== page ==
"Find out what other people need and try to help them. You shouldn't spend too much time figuring out who you need to meet, the people up the food chain, the people who can help you. You have to be a giver," Singer explains. "As you get to know people, ask about what challenges they have. Most people will tell me and most times I can't help them but sometimes in one phone call I can do that. If you're always watching and looking for ways to help, and then, when you can, you follow through, you'll be on someone else's radar screen and if you help someone else succeed, they'll remember you."

Bonfante says he approaches networking as a way "to meet people, get to know them a bit better and establish a relationship." That's how he met a magazine editor, who in turn asked for his help on a couple of projects, including speaking at an event. Bonfante's good turn paid off: The editor later introduced him to the publisher of his book.

Put Yourself Out There

It's tempting to spend downtime fiddling with your iPhone, but checking email or downloading an app won't advance your career. So put away your smartphones and laptops and find ways to be more engaged in the event, Singer says.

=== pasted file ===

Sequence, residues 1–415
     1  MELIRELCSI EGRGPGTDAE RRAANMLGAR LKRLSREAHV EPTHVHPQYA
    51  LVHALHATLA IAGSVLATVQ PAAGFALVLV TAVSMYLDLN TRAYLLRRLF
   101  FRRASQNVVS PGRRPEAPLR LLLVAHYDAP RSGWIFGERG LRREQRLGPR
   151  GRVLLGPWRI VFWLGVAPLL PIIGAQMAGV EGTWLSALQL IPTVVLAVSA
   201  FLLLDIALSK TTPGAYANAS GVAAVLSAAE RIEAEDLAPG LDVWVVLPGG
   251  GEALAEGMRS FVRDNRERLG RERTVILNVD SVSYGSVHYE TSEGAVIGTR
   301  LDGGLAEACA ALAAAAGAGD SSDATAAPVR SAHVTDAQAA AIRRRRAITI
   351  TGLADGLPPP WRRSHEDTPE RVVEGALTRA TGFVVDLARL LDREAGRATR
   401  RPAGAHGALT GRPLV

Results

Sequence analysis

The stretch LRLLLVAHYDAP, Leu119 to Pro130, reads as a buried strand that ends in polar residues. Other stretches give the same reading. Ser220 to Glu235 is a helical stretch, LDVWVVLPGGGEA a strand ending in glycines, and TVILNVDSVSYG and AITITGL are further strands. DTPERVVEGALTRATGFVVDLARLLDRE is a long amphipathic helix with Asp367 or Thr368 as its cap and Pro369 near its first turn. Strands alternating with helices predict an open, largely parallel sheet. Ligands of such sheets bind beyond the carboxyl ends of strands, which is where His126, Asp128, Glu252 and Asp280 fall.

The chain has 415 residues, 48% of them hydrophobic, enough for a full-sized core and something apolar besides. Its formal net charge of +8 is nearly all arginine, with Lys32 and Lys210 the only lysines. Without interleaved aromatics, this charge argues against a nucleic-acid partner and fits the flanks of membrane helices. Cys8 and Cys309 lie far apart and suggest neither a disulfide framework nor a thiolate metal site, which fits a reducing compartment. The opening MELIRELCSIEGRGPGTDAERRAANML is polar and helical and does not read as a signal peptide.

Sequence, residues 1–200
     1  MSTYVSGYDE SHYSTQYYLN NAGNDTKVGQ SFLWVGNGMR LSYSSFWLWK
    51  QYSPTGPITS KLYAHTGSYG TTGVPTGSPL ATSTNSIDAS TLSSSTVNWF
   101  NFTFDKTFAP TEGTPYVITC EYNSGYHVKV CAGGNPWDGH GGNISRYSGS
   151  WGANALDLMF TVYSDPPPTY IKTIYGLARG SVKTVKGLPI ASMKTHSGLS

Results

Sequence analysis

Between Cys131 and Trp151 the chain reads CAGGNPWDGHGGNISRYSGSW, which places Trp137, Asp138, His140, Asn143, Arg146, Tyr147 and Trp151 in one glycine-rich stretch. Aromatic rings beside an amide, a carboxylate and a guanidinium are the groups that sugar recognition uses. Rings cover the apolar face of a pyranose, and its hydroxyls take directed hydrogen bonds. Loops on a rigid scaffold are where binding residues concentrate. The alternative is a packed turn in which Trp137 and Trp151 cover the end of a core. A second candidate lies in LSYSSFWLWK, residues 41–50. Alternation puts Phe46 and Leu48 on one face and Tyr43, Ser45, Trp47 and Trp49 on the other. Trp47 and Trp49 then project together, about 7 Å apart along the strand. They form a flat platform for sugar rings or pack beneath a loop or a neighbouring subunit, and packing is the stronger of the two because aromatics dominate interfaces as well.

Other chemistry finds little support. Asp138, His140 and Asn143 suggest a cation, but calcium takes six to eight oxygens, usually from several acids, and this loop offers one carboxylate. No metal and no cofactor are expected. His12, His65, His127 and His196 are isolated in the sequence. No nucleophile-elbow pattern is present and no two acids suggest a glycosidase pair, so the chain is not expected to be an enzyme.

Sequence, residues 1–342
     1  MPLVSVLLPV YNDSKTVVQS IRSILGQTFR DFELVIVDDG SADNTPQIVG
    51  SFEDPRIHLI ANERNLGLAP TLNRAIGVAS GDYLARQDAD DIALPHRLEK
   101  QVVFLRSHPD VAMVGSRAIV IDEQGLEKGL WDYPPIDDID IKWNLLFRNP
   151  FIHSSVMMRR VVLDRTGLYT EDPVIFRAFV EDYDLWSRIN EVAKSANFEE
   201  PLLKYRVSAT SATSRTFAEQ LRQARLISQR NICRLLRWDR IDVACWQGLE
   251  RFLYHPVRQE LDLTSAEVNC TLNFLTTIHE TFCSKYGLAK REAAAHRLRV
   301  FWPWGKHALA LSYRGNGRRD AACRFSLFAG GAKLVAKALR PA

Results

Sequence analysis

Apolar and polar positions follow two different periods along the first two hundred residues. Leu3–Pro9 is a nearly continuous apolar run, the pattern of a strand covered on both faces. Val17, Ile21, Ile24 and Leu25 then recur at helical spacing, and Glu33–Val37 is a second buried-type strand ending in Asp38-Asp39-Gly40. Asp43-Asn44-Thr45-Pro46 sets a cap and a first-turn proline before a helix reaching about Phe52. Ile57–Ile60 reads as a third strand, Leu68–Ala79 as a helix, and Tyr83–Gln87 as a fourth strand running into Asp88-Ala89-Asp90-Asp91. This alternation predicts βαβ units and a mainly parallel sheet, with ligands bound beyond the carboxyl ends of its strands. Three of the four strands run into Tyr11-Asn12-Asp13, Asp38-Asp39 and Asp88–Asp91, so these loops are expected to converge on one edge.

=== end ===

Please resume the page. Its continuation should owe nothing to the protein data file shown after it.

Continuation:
He coaches clients to show up early at events, which allows time to meet new people, and to attend the keynote speakers and main-stage events. "Asking 'What did you think about that keynote speaker? I thought he made some great comments about X, Y and Z,' is a much better conversation starter than 'How's the conference going for you?'"

If you have a smart question during a Q&A session, one that will really advance the discussion, then by all means, stand up and ask. "Then people will flock to you during the breaks. They'll feel at ease to approach you," Singer says.

Meet with the organizers, because "they're a treasure trove of information," and meet the vendors, because "smart salespeople are always building long-term connections, which is what everyone should be doing," he says.